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Thread: 'No Frills' $75.00 home studio tent/lightbox

  1. #121
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    I thought they were cheap ..... flashlights...... matter of fact I have flashlights more powerful , and it willnot accept large bowies.I'm makin'
    one this weekend to impove on my photos...especially my avatar.Tissue
    paper background fluorescent overhead lighting with a Buck Custom D Guard 901 Bowie dwarfing an 184 Buck both 1985.

  2. #122
    when you do you image editing, start by first taking the camera image and saving it as a .psd file in PS5 (your image editor). Next when you have done the work such as adjusting color, contrast, cropping, unsharp mask, then save the file via "save as" with a new name. Next do a resize to 800 x 600 pixel. There are other settings in PS that I don't know about as I don't us PS but I use Microsofts Digital Image Pro 10 but Coop is an expert and he can explain all this better than I. Next do a Save As with the same file name but this time change the file extension via the drop down menu to .jpg. (not all image hosting sites will use proprietary files like the Adobe PS .psd file.) This is the file you will upload to photobucket. Now I don't know if Photobucket does allow images larger than 640 x 640 but if they do when you post you will have even bigger images than mine. Coop usually uses a 750 x (Y) when he posts as I recall.

    Now, be sure when you are doing the initial images, that you use the largest image size your camera will produce with the least amount of .jpg compression so that you are starting with as big a file as possible before doing any editing.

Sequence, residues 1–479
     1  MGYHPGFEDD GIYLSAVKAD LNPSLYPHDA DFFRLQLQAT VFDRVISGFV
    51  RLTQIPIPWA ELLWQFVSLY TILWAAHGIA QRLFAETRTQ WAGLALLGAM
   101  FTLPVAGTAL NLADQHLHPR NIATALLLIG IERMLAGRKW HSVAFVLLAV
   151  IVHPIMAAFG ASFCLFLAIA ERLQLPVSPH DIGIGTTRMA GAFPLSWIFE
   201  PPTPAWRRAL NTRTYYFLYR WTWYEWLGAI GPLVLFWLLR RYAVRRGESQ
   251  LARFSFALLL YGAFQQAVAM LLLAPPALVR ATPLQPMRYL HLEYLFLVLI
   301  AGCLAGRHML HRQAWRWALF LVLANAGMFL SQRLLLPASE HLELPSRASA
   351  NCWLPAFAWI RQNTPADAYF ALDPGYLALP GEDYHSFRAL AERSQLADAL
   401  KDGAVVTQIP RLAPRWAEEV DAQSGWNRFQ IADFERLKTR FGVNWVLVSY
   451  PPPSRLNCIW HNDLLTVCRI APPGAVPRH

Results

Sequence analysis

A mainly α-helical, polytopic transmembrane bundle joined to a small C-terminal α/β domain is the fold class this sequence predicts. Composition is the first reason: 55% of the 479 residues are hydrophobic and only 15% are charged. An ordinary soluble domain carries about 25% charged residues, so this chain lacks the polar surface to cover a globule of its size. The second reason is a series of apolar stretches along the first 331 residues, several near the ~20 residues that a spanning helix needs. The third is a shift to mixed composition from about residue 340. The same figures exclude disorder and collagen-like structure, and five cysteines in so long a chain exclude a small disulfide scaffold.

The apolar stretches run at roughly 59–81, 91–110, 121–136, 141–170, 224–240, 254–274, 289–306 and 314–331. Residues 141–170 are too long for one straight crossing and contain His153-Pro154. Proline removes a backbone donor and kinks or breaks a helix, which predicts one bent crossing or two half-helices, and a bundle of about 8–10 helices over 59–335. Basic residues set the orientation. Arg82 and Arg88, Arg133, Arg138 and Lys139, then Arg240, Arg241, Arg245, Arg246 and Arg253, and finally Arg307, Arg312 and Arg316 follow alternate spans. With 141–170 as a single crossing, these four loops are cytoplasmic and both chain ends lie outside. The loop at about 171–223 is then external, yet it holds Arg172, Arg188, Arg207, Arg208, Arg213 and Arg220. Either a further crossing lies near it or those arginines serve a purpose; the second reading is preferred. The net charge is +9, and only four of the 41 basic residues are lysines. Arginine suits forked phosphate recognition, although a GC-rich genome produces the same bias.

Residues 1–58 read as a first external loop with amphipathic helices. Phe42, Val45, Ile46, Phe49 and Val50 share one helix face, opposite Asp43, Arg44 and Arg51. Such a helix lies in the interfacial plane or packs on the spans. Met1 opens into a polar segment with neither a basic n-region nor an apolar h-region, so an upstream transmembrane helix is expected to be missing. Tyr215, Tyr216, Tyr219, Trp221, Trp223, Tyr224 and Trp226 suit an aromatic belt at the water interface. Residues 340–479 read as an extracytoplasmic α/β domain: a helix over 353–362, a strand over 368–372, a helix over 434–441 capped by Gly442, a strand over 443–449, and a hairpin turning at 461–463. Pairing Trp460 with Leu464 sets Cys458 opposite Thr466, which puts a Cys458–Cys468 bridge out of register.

A couple of things I notice is that you seem to be getting a mix of light which is likely that while using incandescent, you also have strong daylight coming into your work area. on the blue backgrounded folder one blade is yellow and one is lightly blue. The bolsters are also a mix of light. Something also seems to be giving some flare to the image and I find that the images are not totally sharp.

    Sharpness is a factor of the lens and the f stop as well as the use of unsharp mask in PS.

    As far as background, I think you also may be getting some reflectance of the background onto the knife. Try to use matte backgrounds if possible. I have one background I like but have this same problem

    I tend to use the same background material all the time whereas Coop is so good at finding and using his backgrounds to subtly accent the knife. It is quite impressive.

    to to the Knife Network site and there are also lots of threads there about knife photography-- in fact a whole section devoted to the subject and contests that folks can participate in. Coop and others are in that venue too.

    There are a few other folks doing some nice knife images and I'm sure each have techniques they have learned from others and techniques they have developed themselves. Hopefully they will share the info too.

    here is another background I sometimes use